Life is mostly work for me, the exotic sound of “living in Egypt” has long been replaced by a routine that is not exciting, some days is simply exhausting and frustrating just as life anywhere can be, but it can still be inspiring. I don’t take life for granted and I try to find something new, interesting or beautiful in each day, and sometimes work lets a little extra light into my life by giving me chances to travel.
This trip wasn’t far, St Catherine’s is only an hour and a half drive from Nuweiba, but it was a looked for return to somewhere special I had visited 17 years ago during my second trip to Egypt. Then I was not limited to a half day visit as I was this time, and I climbed Gebel Musa (Mt Moses), which sits further into the mountains behind the monastery. This was a night climb to watch the sun rise over the mountains, then walk down to see the monastery when it opens for the day.
What felt like one of the coldest nights of my life remains a strong memory of that visit, with the dark hours spent at the summit shivering in a rented blanket and drinking many cups of tea, because I was unprepared and not dressed for how cold desert nights can be even in summer. But stronger are the memories of how worthwhile the climb and frozen feet were, to experience the exhilarating view at dawn.
Gebel Musa is the mountain where Moses is said to have received the Ten Commandments and Saint Catherine’s Monastery has been one of great centers of religious pilgrimage for over fifteen centuries.
The monastery is a UNESCO World Heritage Site and one of the oldest working Christian monasteries in the world. The monastery library preserves the second largest collection of early codices and manuscripts in the world, outnumbered only by the Vatican Library. It includes Greek, Arabic, Armenian, Coptic, Hebrew, Georgian, and Syriac texts. See more on the latest research underway in the library in this article In the Sinai, a global team is revolutionizing the preservation of ancient manuscripts http://www.washingtonpost.com/lifestyle/magazine/in-the-sinai-a-global-team-is-revolutionizing-the-preservation-of-ancient-manuscripts/2012/08/30/1c203ef4-ca1f-11e1-aea8-34e2e47d1571_story.html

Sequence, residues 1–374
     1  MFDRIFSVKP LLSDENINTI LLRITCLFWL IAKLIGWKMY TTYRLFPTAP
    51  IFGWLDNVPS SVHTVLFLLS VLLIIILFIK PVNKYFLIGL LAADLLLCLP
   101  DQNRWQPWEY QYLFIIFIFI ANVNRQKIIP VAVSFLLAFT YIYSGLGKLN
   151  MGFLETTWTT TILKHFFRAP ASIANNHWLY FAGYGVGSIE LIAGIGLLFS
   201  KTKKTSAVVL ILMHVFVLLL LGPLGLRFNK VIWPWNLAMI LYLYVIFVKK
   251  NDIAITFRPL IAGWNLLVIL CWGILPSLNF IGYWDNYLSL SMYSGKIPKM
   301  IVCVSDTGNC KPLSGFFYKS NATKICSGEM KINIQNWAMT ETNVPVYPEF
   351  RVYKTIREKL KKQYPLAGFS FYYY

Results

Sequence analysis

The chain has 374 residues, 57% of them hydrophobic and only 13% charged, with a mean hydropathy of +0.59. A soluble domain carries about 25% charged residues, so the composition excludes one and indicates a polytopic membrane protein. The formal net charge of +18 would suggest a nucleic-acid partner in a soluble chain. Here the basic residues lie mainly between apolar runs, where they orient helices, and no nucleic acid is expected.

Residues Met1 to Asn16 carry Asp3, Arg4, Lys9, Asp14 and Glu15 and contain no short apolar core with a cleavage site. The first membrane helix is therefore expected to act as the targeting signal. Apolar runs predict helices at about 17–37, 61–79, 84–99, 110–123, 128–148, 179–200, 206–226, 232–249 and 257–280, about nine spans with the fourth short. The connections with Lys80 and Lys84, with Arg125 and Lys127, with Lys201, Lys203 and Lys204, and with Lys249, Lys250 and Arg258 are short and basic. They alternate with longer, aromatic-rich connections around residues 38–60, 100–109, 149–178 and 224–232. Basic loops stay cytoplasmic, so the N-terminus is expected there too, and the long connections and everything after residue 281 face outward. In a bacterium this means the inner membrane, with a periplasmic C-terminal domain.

Tradition says that Catherine of Alexandria, a Christian martyr, was sentenced to death on the wheel. When that did not kill her, she was beheaded. And we think times are tough in Egypt now…. The story continues that angels took her remains to Sinai, and around the year 800, monks from the monastery found her remains. Though it is commonly known as Saint Catherine’s, the full, official name of the monastery is the Sacred and Imperial Monastery of the God-Trodden Mount of Sinai. A relic that is claimed to be a finger of St Catherine is displayed inside the church.
The interior of the church is a highlight of a visit to the monastery as it is home to icons from across many centuries, but interior photographs are not permitted so unfortunately I can’t share that with you. One of the pleasing features of the monastery is that there is a mosque inside its walls, sitting next to the church. It reminds me of visiting the mosque that sits inside the temple of Luxor and the church inside the mosque of Cordoba in Spain. Not every juxtaposition of religious buildings has been peaceful, but the two sitting together at St Catherine’s I like to hope are a sign of what should be possible in Egypt and throughout the world.